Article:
My work is stored in a way not easily accessed. If you are having a public open studio tour and there are many people, you could arrange some work beforehand for easier viewing without much rummaging.  Personally, I always do all the moving about myself. I organize the pieces from older work to the newer and finally to work in progress.  This leads very easily into where I’m currently exhibiting, and what other art events are happening locally.

Asking several times if there were any questions while showing my work, helps me to gauge their continued level of interest. That way when they are ready to leave, it is a natural cue to pick up.

At last with the tour completed, we entered the house to collect gear, and I offered up a second round of food and drinks, to which my guest responded, “It is very American to offer a beverage for the road.”  It was a witty observation, and they had fun poking at me about it. As we laughed I could already see the beginnings of a friendship between these women and myself that had started simply by inviting them into my creative space.

Try to steer clear of these mistakes

As I mentioned previously, every tour teaches me how to improve for the next. Here are a few things I have learned along the way so perhaps you won’t have to make the same mistakes I did. I also mention some lessons learned while attending other art functions, so there are observations from both sides of an event to help you better prepare and increase the success of your own studio tour.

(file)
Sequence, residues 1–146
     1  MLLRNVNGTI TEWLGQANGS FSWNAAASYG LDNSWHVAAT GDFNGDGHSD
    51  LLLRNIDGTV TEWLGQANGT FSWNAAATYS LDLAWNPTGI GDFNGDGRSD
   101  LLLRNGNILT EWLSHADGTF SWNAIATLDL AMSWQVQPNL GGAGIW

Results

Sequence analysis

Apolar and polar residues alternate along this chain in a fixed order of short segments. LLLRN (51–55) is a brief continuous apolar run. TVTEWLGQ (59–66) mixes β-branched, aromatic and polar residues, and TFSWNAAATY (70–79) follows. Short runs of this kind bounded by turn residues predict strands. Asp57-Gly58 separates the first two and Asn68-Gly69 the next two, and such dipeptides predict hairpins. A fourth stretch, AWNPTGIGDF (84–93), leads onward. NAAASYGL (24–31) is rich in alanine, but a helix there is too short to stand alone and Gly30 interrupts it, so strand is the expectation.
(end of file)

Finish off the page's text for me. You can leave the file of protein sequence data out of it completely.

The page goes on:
Don’t ignore or shy away from promotion

Even if you hate self-promotion just do the best you can–and then do one more thing that you may be hesitant to try. Social media, local newspapers (yes local community is super important especially if you have an older audience) radio if you can afford it, word of mouth, or mail eye-catching postcards.

If you are unsure, think about a target audience you would like to reach, and then focus your strategy accordingly. For a public open studio tour, a huge fear is a low turnout. However, low turnout simply means an intimate gathering rather than a huge party. Adapt your conversation. Plan another tour and ask your current guests to bring a plus one.

No matter who is there, be polite and make them feel appreciated for showing up

There is nothing worse than being in a group and feeling alone, so make sure none of your guests will feel this way. I have unfortunately experienced this at several art receptions and knew it was something I would be very aware of for my own studio tours. Having a close trusted friend to help “co-host” can assist with offering refreshments, making introductions, and having an inclusive conversation.  Because these unfamiliar faces are really your most important guests. They represent one of your most important goals, which is to reach an expanded audience.